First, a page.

Today is CAO results day. The country’s hopeful students are being offered their places at third level education. It’s a day of panic, joy, excitement, confusion – everything is pretty overwhelming. One thing that students shouldn’t be scared into thinking about is whether their chosen course will get them a job in four years time.
The most popular courses are constantly changing, and this year’s statistics indicate a return to more ‘traditional’ subjects. Students are opting for degrees in areas like engineering, teaching, nursing, and construction-based subjects, while arts and humanities-based subjects have fallen in numbers. This is interesting, but not a cause for concern for the thousands of arts-bound students out there.
The language that is used in the reportage around this topic – namely, the Irish Times writing that “points for arts fall amid demand for jobs-friendly courses” – took me by surprise. What is a ‘job-friendly’ course when it’s at home?
There seems to be a widespread misconception about college degrees; that if you don’t get a job with the exact same name as your course, that it was some kind of a waste of time. You take law to become a lawyer; you study teaching to become a teacher; you study engineering to become… you get the idea. But there are so many more jobs that there are not courses named after. Nevermind the jobs that don’t even exist yet, that today’s college students will be employed to do in years to come.
Arts and humanities courses in college get a bad wrap in general; they’re often seen as four years of dossing, that students only choose so they can tick ‘going to college’ off the list. But there’s a reason they’re seen as the perfect option for students unsure of what they want to do career-wise. Arts courses offer choice – they offer the option to study a variety of subjects that might pique interests, and the freedom to roam between areas that aren’t as suitable. While this course may not correlate directly to a job like medicine, let’s face it – how many of us were laser-focused on the exact job we wanted for life when we were 18? My guess is few.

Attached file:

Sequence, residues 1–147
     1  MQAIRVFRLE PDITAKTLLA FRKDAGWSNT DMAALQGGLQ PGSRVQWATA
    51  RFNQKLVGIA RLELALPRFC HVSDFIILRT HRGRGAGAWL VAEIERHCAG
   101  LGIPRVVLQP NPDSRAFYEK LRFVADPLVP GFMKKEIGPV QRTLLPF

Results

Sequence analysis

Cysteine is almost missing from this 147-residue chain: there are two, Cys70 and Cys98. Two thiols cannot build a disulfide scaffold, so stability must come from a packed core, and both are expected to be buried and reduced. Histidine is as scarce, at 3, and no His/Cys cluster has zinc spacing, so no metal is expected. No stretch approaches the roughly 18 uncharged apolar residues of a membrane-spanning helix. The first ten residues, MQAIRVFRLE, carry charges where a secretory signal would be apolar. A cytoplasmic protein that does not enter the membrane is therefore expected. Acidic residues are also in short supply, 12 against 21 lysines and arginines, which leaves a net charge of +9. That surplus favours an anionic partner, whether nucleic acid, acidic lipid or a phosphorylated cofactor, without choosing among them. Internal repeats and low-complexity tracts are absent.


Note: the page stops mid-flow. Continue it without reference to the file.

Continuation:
Creative college courses equip students for a multitude of real-world jobs; some of which they might not even be aware of yet. A degree in media, for example, gives students practical skills to work in anything from TV and radio production to PR to political communications. An English Literature course teaches critical thinking, how to communicate thoughts and ideas effectively and how to discuss and debate these ideas with others. While an arts degree’s benefits might not be immediately visible in its name, the world of options that it opens for a graduate is staggering. Many of us working here at IMAGE studied courses that didn’t have ‘content creation’ or ‘digital editing’ in its description – and yet here you are, reading our ramblings. Medicine and law will always be necessary professions – but imagine how grey the world would be without us arts graduates.
The importance of CAO day lies in the excitement of beginning a new chapter of life. You’re going to college! You’re about to embark on one of the biggest learning curves of your life and come out the other end an actual adult (if you’re lucky). You’re going to go to parties, argue with lecturers, make friends, lose friends, figure out what you want and what you don’t and make memories that you won’t be able to tell your grandkids. Today isn’t about how much you’re going to contribute to your pension every month in four years’ time.
Believe it or not, college isn’t all about getting a job and making money. It’s about the joy of learning, inside and outside of the lecture hall, and growing, evolving and finding yourself through life experience. But, for the record, if you are overly concerned about job prospects, then there’s still no need to fret. Critical thinking, creativity, problem-solving, public speaking and many other skills will all stand you in better stead with employers than a degree in an area you have no interest in. Best of luck!